Wednesday, 8 April 2020

Can certain foods boost our Immune System? Let's look at the research

6 Foods That Boost the Immune System– AHCC Research Association

It is at times like this that we truly appreciate what it means to be healthy and fit, as well as looking at ways we can improve both. We clearly need to be more active and look at our lifestyle, but our diet is just as important. And we can even eat certain foods that are said to have a beneficial effect on our immune system. Here are a few, there are others to find - the choice is yours what you do with the information.

Have a nibble on this common vegetable. Just one carrot supplies Beta Carotene for your body to convert into enough Vitamin A, which is vital for your defences as it keeps the mucus passages that act as a physical barrier to viruses and bacteria healthy (see the previous blog entry on the respiratory system).
The best way to east carrots is to cook them though, as this allows the cell walls to soften, allowing more Beta Carotene to be absorbed.

People think oranges are citrus are the best way to get Vitamin C, but both red and green peppers have twice the content as oranges. Vitamin C is important for maintaining a healthy immune system, particularly after intensive physical activity.

Well, this is one of the best vegetables around, and has even been called the King.
It contains loads of Vitamins, A, K, and C. Plus amounts of Vitamin B6, B1, B2, B3.
On top of that it has Manganese, Calcium, Copper, Potassium, Magnesium, Iron and Phosphorous.

HMHB did a separate entry on Kale on Wednesday 12th June 2019 - please do check it out. You should include it in your every week diet for sure.

The research here is still a little divided, but it might help with the common cold. One study worked with 146 people - some were given a garlic tablet daily and the others were given a placebo, and this went on for three months.  24 people on the tablet developed a cold, whilst 65 on the placebo did the same. So who knows?
Supplements are obviously different form fresh garlic, but a freshly crushed bulb is a good source of the active ingredient Allicin, and it is also delicious.

One of the parts on our course is nutrition, and we obviously big up Protein, which is found in every cell in our bodies and is said to the the building blocks of life (well, Amino Acids are, and they are produced when Protein is broken down in the body). Protein is essential for life!!!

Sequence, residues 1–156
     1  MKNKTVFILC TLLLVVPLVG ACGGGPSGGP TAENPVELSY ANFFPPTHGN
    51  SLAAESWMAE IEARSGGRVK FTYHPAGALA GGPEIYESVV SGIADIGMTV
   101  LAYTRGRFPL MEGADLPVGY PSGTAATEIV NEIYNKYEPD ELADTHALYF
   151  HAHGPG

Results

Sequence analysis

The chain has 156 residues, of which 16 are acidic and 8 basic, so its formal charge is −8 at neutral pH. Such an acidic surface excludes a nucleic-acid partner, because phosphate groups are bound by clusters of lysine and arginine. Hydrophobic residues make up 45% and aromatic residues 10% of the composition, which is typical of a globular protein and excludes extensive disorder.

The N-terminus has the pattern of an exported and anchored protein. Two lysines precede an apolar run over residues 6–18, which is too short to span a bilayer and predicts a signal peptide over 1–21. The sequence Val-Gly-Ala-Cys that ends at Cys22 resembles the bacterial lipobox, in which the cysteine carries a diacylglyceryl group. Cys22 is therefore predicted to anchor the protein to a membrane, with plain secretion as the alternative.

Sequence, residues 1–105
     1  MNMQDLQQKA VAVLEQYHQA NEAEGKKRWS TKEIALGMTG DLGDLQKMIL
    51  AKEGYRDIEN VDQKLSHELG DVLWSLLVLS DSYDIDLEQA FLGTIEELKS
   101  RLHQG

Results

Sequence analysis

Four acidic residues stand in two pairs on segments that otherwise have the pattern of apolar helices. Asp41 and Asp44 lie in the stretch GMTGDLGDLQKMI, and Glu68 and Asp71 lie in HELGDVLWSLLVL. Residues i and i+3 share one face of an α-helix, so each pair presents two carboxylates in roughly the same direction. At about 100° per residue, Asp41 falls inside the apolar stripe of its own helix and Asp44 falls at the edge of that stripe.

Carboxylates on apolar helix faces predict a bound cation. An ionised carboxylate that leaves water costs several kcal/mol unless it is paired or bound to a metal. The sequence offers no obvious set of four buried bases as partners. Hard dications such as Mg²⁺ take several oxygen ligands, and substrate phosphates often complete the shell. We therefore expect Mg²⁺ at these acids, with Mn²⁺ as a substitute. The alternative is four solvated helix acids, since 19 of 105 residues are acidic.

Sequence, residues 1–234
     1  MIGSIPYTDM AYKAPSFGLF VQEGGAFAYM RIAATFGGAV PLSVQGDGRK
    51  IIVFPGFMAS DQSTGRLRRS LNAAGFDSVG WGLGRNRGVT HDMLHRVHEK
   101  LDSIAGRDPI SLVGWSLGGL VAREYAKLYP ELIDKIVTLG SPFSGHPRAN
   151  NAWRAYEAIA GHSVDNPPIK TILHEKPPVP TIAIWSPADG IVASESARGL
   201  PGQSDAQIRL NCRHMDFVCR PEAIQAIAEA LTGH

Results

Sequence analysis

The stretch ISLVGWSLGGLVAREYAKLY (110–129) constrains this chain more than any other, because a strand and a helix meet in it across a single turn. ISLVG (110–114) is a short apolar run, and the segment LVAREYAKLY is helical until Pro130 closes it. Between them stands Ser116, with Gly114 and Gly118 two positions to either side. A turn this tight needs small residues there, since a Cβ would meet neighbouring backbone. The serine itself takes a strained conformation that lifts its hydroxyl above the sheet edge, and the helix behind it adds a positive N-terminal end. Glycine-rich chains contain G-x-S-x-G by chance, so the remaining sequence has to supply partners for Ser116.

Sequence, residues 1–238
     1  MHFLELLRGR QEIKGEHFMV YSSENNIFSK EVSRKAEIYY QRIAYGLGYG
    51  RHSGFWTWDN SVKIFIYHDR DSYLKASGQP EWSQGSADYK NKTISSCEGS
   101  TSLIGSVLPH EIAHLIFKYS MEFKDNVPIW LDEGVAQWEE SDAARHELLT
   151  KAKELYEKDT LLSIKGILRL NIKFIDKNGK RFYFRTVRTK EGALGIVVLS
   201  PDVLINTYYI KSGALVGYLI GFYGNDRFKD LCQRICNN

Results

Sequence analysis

We need sufficient in our diets for our immune system, especially for healing and recovery. It is recommended to have some in each meal if possible. Your body will not store it, and it leaves the body fairly quickly, so you need to keep topping up.

We are often told we need oily fish in our diet for the Omega 3, 6 and 9. But Tuna is also a good source of Selenium, and in studies a few years ago it was shown, in mice, that if they were deficient in Selenium the severity of a flu virus infection increased. It has honestly not been proven as yet in humans, but it seems sensible to have it there anyway.

All nuts are nutritious - although do watch the amount you have as they are high in calories - but grab a mixture of cashews, brazils and peanuts - if losing weight, walnuts, pistachios and almonds are also great. You get good levels of Zinc, Selenium, Iron and Vitamin B6 - all play their part in keeping the immune system healthy.

Red Meat
Before veggies comment negatively, read to the end. There are World guidelines about the amount of red meat you can eat in a week, but Zinc helps the immune system work properly and aid in wound healing, while Iron is also important for immune function. Lean Red Meat is a fantastic source of both.
Nuts do combine good amounts of these nutrients too, but again look at how much you intake.

In a University study, consumers of whole-grains were shown to have an increase of a type of bacteria called Lachnospira, which produces short-chain fatty acids (essential for life) needed for a healthy immune system.
Those who consumed a whole-grain diet also showed an increase in T-cells - a type of white blood cells that ward off infection.

Oats can supply Beta Glucan which has been shown, given as a high dose supplement, to prevent and reduce the symptoms of a common cold. Hasten to stress, this was a supplement, and your morning bowl of porridge will not prevent sniffles and a cold. But it does provide fibre and B Vitamins, and they can contribute to lower Cholesterol.

HMHB says:
We are constantly advocating a healthy diet and looking at what we are eating. Staying hydrated is also important, so that passages do not dry out. It also helps to keep you focused.
Most of the above come under the protein and carbohydrates headings.
What we are really saying is - this is a fantastic time to take an overview of your current nutrition habits and see what changes you can make. If you do them steadily, maybe one or two a week, in a few months you will have overseen a dramatic change. You will feel healthier, happier, fitter and stronger. Experiment with tastes you have dared to try, cook some foods you have not attempted to do in the past. Your diet and nutrition should be enjoyable and exciting.

Stay safe, stay indoors, cook well, eat well, be active and see you all soon.

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